Chicago TikTok historian eyes home base for neighborhood tour company with city grant

Shermann “Dilla” Thomas is one of 61 recipients to receive grants ranging from $12,000 to $5 million “to support neighborhood vitality,” Mayor Lori Lightfoot announced.

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Shermann “Dilla” Thomas stands in May 2021 outside of artist and co-founder of the DuSable Museum Margaret Burroughs’ old house at 3806 S. Michigan Ave. Thomas’ tour company, Chicago Mahogany Tours, will receive $30,000 from a city grant to establish a home base for his company.

Shermann “Dilla” Thomas stands in May 2021 outside of artist and co-founder of the DuSable Museum Margaret Burroughs’ old house at 3806 S. Michigan Ave. Thomas’ tour company, Chicago Mahogany Tours, will receive $30,000 from a city grant to establish a home base for his company.

Anthony Vazquez/Sun-Times file photo

Auburn Gresham native and Chicago historian Shermann “Dilla” Thomas has been producing bite-sized history lessons for audiences on TikTok, where he has garnered over one million likes and nearly 100,000 followers.

He’s also expanded his classroom from social media to chartered bus tours around South and West Side neighborhoods to share the history and beauty in communities he loves.

A grant announced by Mayor Lori Lightfoot on Wednesday will give Thomas a home base for his Chicago Mahogany Tours. The funding from the city’s $40 million commitment in Community Development Grants is part of the Chicago Recovery Plan.

Mahogany Tours is one of 61 groups that will receive money as part of the announcement. The grant money ranges from $12,000 to $5 million “to support neighborhood vitality, economic development, community wealth-building, public health, and local planning goals,” the mayor said Wednesday in a news release.

“Two of my highest priorities as Mayor are funneling resources into communities that have gone far too long without and removing barriers for residents who have too often been shut out from opportunities to obtain upward mobility,” said Lightfoot. “Through the Community Development Grant program, we are able to make good on both of these commitments while simultaneously driving our city’s equitable economic growth.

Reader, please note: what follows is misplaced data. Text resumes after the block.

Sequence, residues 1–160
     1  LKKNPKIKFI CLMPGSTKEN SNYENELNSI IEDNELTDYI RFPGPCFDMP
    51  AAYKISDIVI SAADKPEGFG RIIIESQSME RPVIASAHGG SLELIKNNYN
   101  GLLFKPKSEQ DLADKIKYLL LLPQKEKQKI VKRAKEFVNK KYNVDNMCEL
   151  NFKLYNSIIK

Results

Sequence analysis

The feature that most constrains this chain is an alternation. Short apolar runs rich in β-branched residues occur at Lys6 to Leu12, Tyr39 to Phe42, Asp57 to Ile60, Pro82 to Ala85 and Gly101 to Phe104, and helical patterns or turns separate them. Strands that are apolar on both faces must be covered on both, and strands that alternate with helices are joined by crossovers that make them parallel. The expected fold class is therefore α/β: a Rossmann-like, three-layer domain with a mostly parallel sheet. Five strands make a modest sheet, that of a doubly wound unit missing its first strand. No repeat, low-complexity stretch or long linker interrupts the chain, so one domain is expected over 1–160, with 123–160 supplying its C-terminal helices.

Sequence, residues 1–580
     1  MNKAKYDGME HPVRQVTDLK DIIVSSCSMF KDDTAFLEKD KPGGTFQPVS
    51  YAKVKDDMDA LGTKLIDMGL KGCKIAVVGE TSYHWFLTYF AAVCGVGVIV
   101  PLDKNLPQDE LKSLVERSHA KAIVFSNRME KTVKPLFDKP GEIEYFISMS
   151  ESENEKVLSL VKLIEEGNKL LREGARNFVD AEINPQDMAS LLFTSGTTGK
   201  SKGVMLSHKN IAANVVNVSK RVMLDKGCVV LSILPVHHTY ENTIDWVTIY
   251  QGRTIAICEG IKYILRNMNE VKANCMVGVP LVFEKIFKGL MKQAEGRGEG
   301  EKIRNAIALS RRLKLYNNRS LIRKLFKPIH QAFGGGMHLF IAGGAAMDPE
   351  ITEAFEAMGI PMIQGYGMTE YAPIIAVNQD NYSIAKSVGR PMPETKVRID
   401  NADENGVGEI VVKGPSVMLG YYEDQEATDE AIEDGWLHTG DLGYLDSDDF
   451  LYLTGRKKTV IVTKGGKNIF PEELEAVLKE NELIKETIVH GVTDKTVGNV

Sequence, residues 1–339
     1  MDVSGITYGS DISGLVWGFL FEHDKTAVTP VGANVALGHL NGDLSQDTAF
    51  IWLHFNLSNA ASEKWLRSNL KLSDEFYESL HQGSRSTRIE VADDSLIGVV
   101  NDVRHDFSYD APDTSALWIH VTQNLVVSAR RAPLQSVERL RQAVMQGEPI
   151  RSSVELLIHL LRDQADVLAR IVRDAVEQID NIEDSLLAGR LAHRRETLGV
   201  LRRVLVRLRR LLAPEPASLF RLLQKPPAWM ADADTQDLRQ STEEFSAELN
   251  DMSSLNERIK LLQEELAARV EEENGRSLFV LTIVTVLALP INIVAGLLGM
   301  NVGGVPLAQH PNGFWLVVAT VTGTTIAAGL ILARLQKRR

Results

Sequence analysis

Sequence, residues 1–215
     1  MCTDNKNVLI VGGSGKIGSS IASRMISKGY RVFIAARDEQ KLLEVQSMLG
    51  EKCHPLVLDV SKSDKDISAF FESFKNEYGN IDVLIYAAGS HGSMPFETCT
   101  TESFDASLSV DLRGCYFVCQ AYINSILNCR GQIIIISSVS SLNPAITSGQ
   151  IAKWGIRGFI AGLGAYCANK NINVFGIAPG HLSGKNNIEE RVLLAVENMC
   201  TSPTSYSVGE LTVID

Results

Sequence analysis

Thomas said he was excited to come from the “best neighborhood in the city,” and to be changing negative narratives about certain spaces through the grant funding. Based in Auburn Gresham, the tour company will receive $30,000.

During his bus tours, Thomas offers his extensive knowledge of the city, its design/architecture and neighborhoods including Bronzeville, Bridgeport and North Lawndale. His motto? “Everything dope about America comes from Chicago.”

“What we’re hoping to do is do our part in changing spaces,” Thomas said. “You change spaces — you make them more inclusive for everyone around. You also show the vitality of those spaces.”

“So what we’re going to do is get a storefront and then we’re going to show that there’s tourism to be seen in all of our neighborhoods, not just downtown,” Thomas said to a thunderous applause. “We’re gonna take kids from every single Chicago neighborhood and we’re going to show them why every single thing dope about this country comes from Chicago.”

This is the third and final round of Community Development Grants for 2022, and the 61 finalists were picked from more than 600 applicants. Twenty-six of the businesses and organizations selected are on the South and West Sides of the city.

Other finalists include Bennett Place, a South Shore apartment complex aiming to create an eatery plus a ghost kitchen and food incubator.

Other projects focus on housing, entertainment, youth services, health and wellness, retail and cannabis production.

Construction for the grant projects are anticipated to wrap up in the next 18 to 24 months.

Mariah Rush is a staff reporter at the Chicago Sun-Times via Report for America, a not-for-profit journalism program that aims to bolster the paper’s coverage of communities on the South and West sides.

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